Reply to Amy's comment

  5. Turling on August 10, 2010 at 9:38 am

    Abosolutely beautiful. I look forward to the slideshow.

    Reply to Turling's comment

  6. Louise on August 10, 2010 at 10:16 am

    Thank you for sharing your Monticello trip with us. It looks beautiful, can wait until tomorrow.

    Reply to Louise's comment

  7. Stacy on August 10, 2010 at 11:33 am

    I’m a member of Longwood – plan a whole day to see it. Now matter what time of year, it’s just gorgeous.

    (And MAKE SURE you leave an hour or so to stop in at Terrain at Stylers just down the road!)

    Reply to Stacy's comment

  8. lee on August 10, 2010 at 12:10 pm

    I can’t wait to see the rest of the pics tomorrow. If you ever venture west, then you have to visit The Huntington Library in San Marino.

    Reply to lee's comment

  9. Dave on August 10, 2010 at 12:33 pm

    Very neat! I would love to go back to Monticello sometime (I was little when I was there last) now that I have an appreciation for all the gardening that Jefferson did. Those plant tags are really nice and that display of asparagus is very impressive!

    Reply to Dave's comment

  10. Sincerely, Emily on August 10, 2010 at 3:46 pm

    Thank you for the “tour”. It looks like a fabulous place to see. Thanks. Emily in So. TX

    Reply to Sincerely, Emily's comment

  11. Amy @ Homestead Revival on August 10, 2010 at 3:54 pm

    I’ve longed to go to this area and tour. Someday…

    Try Buchart Gardens in Victoria if you’re ever in the Northwest of Canada. I had a chance to see these when we went on vacation. Lovely for flowers. I recently tried to see the gardens and chickens at Long Meadow Ranch in St. Helena, CA, but they were closed to tours when I went. They do a whole farm-to-table dining experience which I’ll be blogging about on Saturday.

    The plant tags… I use these same wood stakes, but find that a sharpie pen bleeds and then when water hits them, they get worse. I’d love to hear what kind of pen to use for calligraphy and if they seal it with anything, so let us know if you find out.

    Reply to Amy @ Homestead Revival's comment

    • Pat Brodowski on August 17, 2010 at 4:26 pm

      Hello Amy,
      I’m the Vegetable Gardener at Monticello and I create the wooden plant stakes. I happen to know calligraphy, something I started back in high school. So this is what I do: First, we purchase wooden stakes from Hummert. We used thin stakes, which are cheaper, but I wanted something tough to withstand our dogs running over them, and also long enough for some of the plant names. I think the stakes are about 3/8 inch and 15 inches long. Since I use a square nib pen and ink , the stakes are first sanded extremely well and given a coat of polyurethane. Then a quick, light sanding before applying the ink. I am probably using acrylic ink — know to not shrink when inking on a plastic surface. The calligraphy is freehand. Then I apply 3 more coats of polyurethane to seal it in. The edges and point are important to coat well, since they are exposed to moisture. Organizing the stakes is a good idea. We alphabetize ours by plant group, such as brassica, legume, and so on. The flower gardener categorizes her stakes by season. Hope this helps!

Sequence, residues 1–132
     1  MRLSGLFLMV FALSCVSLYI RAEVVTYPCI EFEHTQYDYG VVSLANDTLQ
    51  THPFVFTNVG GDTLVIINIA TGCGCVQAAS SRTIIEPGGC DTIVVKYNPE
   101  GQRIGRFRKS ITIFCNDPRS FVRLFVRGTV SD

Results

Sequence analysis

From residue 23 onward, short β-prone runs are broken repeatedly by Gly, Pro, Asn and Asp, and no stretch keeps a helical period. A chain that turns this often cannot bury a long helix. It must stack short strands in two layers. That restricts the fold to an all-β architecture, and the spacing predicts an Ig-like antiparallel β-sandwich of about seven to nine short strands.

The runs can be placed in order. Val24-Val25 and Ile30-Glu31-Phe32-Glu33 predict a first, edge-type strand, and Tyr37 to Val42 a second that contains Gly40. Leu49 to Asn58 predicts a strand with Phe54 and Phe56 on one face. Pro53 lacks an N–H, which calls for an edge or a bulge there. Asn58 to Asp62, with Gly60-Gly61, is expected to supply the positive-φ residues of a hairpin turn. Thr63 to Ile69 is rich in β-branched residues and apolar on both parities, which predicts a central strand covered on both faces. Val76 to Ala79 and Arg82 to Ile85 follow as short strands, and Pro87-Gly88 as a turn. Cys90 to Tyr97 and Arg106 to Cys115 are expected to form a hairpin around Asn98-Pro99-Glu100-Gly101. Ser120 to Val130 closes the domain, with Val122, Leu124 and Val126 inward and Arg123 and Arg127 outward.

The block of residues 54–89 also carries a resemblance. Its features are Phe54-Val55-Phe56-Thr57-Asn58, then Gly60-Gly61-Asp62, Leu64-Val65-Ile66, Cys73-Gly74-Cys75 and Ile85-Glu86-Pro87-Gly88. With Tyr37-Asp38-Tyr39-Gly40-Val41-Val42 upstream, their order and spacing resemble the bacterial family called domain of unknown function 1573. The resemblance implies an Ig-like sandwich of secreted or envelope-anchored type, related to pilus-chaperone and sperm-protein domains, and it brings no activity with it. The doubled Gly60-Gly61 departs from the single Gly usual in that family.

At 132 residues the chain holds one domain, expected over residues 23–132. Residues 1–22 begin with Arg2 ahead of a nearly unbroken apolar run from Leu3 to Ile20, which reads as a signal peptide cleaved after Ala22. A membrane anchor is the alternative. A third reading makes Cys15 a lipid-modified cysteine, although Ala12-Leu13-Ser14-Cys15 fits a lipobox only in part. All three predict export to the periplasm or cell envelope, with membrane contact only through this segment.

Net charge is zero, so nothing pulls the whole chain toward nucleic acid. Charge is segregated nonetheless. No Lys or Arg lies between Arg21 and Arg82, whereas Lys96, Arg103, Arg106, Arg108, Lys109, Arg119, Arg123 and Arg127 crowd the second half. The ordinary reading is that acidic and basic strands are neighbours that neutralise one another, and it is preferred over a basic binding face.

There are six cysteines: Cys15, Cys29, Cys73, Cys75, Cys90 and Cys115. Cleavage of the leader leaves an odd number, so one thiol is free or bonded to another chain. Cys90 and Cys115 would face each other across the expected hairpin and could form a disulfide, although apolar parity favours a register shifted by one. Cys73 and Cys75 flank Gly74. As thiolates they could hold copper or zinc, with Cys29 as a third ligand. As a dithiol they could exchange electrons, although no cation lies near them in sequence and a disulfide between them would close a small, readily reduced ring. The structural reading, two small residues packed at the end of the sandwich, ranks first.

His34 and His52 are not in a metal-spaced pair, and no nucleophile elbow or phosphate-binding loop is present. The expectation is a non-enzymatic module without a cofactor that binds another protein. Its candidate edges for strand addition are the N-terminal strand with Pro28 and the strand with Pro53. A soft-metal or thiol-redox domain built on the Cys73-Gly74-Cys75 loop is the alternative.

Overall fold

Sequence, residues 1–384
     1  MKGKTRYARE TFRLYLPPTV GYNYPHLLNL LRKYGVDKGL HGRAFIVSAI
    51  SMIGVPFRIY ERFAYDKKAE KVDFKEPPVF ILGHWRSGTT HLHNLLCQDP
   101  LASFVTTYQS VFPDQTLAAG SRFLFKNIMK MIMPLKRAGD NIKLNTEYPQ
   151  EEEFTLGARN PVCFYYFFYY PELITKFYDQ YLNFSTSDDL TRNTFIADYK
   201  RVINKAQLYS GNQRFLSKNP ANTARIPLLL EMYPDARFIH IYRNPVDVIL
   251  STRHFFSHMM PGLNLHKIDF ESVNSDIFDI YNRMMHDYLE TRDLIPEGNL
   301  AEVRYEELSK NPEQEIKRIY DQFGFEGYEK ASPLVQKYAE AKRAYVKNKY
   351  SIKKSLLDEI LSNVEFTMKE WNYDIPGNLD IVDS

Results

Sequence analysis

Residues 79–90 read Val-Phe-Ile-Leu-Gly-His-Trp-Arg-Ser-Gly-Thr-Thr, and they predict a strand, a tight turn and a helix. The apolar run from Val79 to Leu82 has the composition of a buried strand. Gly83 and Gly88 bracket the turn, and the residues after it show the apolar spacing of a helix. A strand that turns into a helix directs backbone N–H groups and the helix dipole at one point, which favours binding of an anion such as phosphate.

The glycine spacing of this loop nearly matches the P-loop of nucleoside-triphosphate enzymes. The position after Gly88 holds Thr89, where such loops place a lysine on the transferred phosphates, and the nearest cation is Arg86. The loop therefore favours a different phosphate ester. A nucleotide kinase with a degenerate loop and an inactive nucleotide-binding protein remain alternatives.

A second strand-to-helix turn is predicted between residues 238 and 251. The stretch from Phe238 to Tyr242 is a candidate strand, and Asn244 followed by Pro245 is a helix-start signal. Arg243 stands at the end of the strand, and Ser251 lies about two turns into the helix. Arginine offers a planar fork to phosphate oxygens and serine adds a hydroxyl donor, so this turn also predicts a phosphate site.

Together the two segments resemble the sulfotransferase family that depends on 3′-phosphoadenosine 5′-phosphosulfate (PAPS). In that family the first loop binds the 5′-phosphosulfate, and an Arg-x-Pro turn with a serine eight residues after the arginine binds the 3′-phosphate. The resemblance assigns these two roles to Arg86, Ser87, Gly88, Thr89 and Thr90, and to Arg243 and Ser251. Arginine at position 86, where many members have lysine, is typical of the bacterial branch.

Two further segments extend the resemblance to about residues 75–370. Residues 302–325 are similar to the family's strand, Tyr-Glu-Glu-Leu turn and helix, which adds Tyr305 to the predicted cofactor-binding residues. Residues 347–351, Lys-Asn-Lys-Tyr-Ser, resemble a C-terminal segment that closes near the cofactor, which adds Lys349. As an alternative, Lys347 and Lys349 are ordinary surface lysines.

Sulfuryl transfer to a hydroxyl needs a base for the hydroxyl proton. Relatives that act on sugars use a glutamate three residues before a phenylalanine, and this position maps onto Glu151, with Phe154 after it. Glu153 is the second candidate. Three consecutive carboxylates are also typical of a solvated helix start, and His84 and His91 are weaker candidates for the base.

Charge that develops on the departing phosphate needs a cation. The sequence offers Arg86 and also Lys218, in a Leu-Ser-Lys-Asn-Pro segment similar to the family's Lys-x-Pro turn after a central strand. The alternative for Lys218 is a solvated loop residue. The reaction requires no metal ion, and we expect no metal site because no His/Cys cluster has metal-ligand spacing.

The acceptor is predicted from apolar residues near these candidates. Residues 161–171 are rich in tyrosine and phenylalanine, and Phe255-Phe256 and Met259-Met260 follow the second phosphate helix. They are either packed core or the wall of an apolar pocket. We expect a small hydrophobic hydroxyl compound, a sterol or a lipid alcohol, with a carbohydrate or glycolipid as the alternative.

Reply to Pat Brodowski's comment

      • Susy on August 17, 2010 at 9:09 pm

        Thanks so much, I’ll be making some for my garden for sure!

        to Susy's comment

  12. Throwback at Trapper Creek on August 10, 2010 at 5:53 pm

    Lovely Susy! If you ever get to Oregon, check out Edgefield, which was our our county poor farm originally. Now it is a hotel, tastefully restored, with a brew pub and distillery on the grounds. The gardens are only about 19 years old but amazing in their own right. The vegetable gardens and orchard are my favorite along with the Ruby ale of course :)

    Thanks for the tour of Monticello!

    Reply to Throwback at Trapper Creek's comment

    • Susy on August 10, 2010 at 11:10 pm

      I do want to come to Oregon, it’s one of the few states I haven’t visited and one I really want to visit.

      Reply to Susy's comment

  13. dig this chick on August 10, 2010 at 9:52 pm

    I haven’t been here in a bit and, whenever that happens, I am always happy to read what you are up to! How cool. That asparagus patch?! Holy hell sister. I’m with ya. Even with the funky pee smell (Margot thinks it’s cool).

    Fun to see you in a photo!

    Reply to dig this chick's comment

  14. Xan from Mahlzeit on August 13, 2010 at 3:54 pm

    I practically grew up at Longwood Gardens, and you’re so right; I’ve never been to another botanic garden that measures up. You’ve definitely put Monticello on my bucket list!

    Reply to Xan from Mahlzeit's comment

  15. Peggy Cornett on August 17, 2010 at 10:00 am

    This is a terrific piece. I’m in the Monticello gardens daily, but now I see it in a new light. many thanks! P Cornett, curator of plants at Monticello

    Reply to Peggy Cornett's comment


This is a daily journal of my efforts to cultivate a more simple life, through local eating, gardening and so many other things. We used to live in a small suburban neighborhood Ohio but moved to 153 acres in Liberty, Maine in 2012.